The 1990s band hit it big, but the Gallagher brothers were infamous for their fights.

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There’s magic amid the chaos of “Oasis: Supersonic,” the exceptional new documentary that charts the rapid ascent of British band Oasis.

Directed by Mat Whitecross, the movie offers a glimpse behind the scenes of one of the biggest bands of the 1990s. Whitecross uses brutally honest audio interviews with Gallagher brothers Noel and Liam, along with a trove of grainy home videos, radio interviews, TV appearances and live concert footage, to tell the story of the band’s rise, the brothers’ infamous fights and self-inflicted wounds. It’s a revealing look at the group’s beginning as a middling pub act to mega superstars, culminating in two 1996 concerts in front of 250,000 fans at Knebworth in Hertfordshire, England.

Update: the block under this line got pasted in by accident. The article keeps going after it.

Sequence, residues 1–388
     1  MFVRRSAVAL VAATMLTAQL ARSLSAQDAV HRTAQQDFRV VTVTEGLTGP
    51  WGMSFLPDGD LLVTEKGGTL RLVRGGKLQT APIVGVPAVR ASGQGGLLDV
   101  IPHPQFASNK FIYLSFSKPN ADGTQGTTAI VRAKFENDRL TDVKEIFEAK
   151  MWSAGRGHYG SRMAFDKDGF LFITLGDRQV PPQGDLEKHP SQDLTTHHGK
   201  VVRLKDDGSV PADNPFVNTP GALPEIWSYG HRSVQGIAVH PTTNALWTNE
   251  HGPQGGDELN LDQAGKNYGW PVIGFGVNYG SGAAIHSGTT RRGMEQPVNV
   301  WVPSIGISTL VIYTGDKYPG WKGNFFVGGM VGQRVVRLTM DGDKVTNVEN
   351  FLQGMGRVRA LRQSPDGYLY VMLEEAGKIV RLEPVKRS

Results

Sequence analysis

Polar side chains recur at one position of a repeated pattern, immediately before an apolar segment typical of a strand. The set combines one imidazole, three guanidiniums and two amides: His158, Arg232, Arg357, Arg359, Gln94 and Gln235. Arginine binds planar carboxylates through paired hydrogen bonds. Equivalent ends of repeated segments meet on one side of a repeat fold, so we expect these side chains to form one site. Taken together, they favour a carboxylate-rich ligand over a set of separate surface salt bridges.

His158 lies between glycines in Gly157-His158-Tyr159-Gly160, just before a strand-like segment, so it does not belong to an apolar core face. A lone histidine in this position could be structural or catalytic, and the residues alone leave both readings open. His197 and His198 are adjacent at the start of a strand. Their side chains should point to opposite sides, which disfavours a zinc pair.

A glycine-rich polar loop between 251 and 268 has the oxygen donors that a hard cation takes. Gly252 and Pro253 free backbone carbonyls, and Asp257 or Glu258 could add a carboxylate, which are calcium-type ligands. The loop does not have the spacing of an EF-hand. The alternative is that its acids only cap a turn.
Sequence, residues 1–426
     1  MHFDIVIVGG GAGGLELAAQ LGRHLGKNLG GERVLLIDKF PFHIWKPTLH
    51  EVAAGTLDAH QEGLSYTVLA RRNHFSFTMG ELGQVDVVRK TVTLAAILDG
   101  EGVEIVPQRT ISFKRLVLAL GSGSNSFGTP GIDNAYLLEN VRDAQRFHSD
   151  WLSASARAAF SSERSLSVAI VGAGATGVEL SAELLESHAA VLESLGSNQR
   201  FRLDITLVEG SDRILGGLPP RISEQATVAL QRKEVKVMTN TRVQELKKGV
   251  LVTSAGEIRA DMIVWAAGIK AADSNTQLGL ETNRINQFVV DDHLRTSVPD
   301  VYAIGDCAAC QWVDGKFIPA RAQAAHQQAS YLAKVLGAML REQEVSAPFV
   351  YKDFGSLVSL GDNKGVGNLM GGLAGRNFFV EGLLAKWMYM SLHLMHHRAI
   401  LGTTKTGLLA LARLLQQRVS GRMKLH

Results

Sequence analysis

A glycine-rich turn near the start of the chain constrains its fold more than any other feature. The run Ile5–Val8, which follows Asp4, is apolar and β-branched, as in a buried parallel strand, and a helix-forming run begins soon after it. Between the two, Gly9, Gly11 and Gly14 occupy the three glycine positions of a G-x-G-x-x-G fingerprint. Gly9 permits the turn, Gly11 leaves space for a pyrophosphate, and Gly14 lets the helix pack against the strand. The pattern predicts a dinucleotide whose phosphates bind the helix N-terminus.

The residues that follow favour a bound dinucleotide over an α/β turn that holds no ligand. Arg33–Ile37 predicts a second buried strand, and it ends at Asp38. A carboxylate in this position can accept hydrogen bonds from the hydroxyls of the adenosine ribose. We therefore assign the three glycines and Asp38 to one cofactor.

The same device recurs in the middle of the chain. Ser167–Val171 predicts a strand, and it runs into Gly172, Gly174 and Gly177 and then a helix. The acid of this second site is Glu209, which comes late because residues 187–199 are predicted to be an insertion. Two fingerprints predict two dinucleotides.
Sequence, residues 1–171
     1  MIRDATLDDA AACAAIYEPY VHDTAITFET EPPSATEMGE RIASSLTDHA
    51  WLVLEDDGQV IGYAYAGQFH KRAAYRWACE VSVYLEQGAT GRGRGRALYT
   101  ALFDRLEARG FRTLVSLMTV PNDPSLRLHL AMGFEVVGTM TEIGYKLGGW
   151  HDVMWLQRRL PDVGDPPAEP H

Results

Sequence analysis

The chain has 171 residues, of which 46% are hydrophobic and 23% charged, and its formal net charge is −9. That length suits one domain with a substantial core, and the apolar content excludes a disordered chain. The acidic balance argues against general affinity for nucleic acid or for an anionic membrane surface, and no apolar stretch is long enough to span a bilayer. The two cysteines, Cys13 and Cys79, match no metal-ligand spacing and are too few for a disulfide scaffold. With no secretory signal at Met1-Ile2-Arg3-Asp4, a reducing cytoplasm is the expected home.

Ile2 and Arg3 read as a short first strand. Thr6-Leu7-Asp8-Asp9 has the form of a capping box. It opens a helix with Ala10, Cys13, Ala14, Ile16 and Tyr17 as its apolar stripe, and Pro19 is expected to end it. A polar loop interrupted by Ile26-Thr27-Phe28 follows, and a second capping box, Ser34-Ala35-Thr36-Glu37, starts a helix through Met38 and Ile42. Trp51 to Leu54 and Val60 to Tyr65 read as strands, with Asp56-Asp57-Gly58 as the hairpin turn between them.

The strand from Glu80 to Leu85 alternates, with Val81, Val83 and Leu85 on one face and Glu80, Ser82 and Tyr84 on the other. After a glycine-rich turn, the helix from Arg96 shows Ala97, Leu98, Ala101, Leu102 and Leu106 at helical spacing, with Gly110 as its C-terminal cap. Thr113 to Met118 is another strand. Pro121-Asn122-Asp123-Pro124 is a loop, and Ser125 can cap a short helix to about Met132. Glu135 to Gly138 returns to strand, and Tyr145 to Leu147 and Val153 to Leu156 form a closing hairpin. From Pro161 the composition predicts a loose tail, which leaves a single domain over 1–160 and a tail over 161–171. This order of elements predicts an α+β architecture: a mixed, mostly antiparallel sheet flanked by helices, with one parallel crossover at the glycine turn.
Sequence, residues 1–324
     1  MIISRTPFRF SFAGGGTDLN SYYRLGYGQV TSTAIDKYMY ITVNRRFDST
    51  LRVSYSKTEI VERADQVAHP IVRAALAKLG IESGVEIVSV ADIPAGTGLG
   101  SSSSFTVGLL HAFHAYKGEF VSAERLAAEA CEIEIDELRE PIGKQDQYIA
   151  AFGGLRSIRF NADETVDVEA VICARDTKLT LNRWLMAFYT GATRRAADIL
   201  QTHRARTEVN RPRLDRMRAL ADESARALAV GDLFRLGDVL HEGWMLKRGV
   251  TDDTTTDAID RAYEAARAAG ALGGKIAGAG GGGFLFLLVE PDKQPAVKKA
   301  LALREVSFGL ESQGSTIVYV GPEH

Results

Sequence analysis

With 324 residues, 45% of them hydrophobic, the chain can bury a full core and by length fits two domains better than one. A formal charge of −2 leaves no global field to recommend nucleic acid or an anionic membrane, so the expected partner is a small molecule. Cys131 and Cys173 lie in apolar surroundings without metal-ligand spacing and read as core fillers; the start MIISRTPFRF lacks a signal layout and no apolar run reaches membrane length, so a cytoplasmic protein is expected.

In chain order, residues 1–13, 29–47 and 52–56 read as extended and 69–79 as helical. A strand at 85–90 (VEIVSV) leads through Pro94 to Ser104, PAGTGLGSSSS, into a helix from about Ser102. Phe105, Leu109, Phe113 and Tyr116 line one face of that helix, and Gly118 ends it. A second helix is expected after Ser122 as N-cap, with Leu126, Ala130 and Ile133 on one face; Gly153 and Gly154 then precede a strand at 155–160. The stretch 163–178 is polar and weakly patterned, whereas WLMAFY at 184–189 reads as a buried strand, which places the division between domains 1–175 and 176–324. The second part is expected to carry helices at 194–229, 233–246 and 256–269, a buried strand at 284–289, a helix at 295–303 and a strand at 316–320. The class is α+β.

Movie Review ★★★  ½

‘Oasis: Supersonic,’ a documentary directed by Mat Whitecross. 122 minutes. Rated R for pervasive language and some drug material. Sundance Cinemas (21+).

Oasis, founded by the Gallagher brothers in Manchester, England, in 1991, released seven studio albums — including 1995’s “(What’s the Story) Morning Glory?” which sold 6 million copies in Europe alone — before disbanding in 2008.

The film also exposes the band’s notorious tabloid exploits like the time Liam equated taking drugs to be as normal as a cup of tea, which led to reporters camping out on his front stoop for weeks.

It also shows just how dysfunctional the brothers are. Liam is outgoing, good looking and an instigator whose drug abuse derails many shows, while Noel is the introverted, creative genius who writes the group’s biggest hits, including “Wonderwall.” They are often at odds and at each other’s throats and yet somehow manage to pull it together to create a musical legacy.

“Oasis: Supersonic” stops right as the band achieves the pinnacle of its success and offers just a hint of what’s to come (more turmoil), but also offers a nostalgic glimpse back at a band that made lasting music and enjoyed massive success despite its own drug abuse and malfunction.